Findings: Data suggest that when teachers use an 'athletic-looking teacher as healthy role model' speech genre, they tend to privilege: (1) a particular version of health as subject content that involves not being too overweight and maintaining physical functionality in sports. This content is based on biomedical conceptions of health which foreground exercise, eating and weight, and a pathogenic reduction of risk; (2) particular pedagogies in PE that put the teacher at the centre of the pedagogical situation, and; (3) a certain educational purpose in PE, which is to educate citizens for healthy lives through participation in sport. With respect to this purpose, increasing body weight enters the genre as a potential obstacle for educational success.

    Discussion: The findings raise questions concerning appropriate curricular content and its relation to teacher identities. They suggest that learning possibilities may be missed when certain content, pedagogies, and outcomes are privileged. The findings also indicate how wider voices are implicated in the speech genre.

    Conclusion: The paper is concluded with reflections on the possibility for change regarding expectations of physical education teachers' bodies and pedagogies.

  • 12.
    Barker-Ruchti, Natalie
    et al.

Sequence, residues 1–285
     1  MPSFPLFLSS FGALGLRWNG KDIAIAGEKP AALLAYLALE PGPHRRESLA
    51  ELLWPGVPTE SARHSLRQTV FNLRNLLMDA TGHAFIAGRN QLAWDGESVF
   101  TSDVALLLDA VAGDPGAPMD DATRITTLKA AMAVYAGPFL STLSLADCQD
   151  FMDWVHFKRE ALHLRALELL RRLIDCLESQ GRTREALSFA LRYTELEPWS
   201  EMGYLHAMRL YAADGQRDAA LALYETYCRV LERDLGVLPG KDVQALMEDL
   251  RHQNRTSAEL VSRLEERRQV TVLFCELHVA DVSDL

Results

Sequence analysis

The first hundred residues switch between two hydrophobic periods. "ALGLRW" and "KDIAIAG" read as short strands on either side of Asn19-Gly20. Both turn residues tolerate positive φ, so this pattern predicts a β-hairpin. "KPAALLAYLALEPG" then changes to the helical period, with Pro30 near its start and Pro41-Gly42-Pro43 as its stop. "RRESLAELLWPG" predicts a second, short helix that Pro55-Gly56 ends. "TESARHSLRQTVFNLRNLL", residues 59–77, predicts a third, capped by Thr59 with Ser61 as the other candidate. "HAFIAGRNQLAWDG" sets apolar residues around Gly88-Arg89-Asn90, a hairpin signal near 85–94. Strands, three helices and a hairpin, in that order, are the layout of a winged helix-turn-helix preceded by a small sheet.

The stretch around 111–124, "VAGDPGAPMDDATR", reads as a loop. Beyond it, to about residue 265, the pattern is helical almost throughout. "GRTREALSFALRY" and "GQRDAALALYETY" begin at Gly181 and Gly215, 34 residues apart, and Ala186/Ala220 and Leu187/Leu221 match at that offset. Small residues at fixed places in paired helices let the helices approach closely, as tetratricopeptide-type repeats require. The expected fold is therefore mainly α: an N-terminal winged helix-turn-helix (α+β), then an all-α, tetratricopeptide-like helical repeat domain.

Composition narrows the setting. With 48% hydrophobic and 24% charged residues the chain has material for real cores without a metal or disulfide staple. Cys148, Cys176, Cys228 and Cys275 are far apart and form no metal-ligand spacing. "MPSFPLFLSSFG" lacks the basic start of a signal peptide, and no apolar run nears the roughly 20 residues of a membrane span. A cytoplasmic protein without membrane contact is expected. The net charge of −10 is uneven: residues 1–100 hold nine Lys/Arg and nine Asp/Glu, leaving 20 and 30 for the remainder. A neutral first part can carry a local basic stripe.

Department of Food and Nutrition, and Sport Science, University of Gothenburg, Gothenburg, Sweden.
    Barker, Dean
    Department of Food and Nutrition, and Sport Science, University of Gothenburg, Gothenburg, Sweden.
    Rynne, Steven B.
    School of Human Movement and Nutrition Sciences, The University of Queensland, Brisbane, QLD, Australia.
    Lee, Jessica
    School of Medicine, Griffith University, Brisbane, QLD, Australia.
    Learning cultures and cultural learning in high-performance sport: opportunities for sport pedagogues2016In: Physical Education and Sport Pedagogy, ISSN 1740-8989, E-ISSN 1742-5786, Vol. 21, no 1, p. 1-9Article in journal (Refereed)
  • 13.
    Barker-Ruchti, Natalie
    et al.
    Department of Food and Nutrition, and Sport Science, University of Gothenburg, Gothenburg, Sweden.
    Schubring, Astrid
    Department of Food and Nutrition, and Sport Science, University of Gothenburg, Gothenburg, Sweden.
    Moving into and out of high-performance sport: the cultural learning of an artistic gymnast2016In: Physical Education and Sport Pedagogy, ISSN 1740-8989, E-ISSN 1742-5786, Vol. 21, no 1, p. 69-80Article in journal (Refereed)
    Abstract [en]

    Background: High-performance sport has been described as a formative environment through which athletes learn sporting skills but also develop athletic selves. Within this process, career movements related to selection for and de-selection from representative teams constitute critical moments. Further, retirement from sport can be problematic as the athletic self becomes ‘obsolete’. This dilemma is acute in sports that demand an early entry, extreme time investments and a high risk of retirement before adulthood. Women's artistic gymnastics (WAG) is such a sport.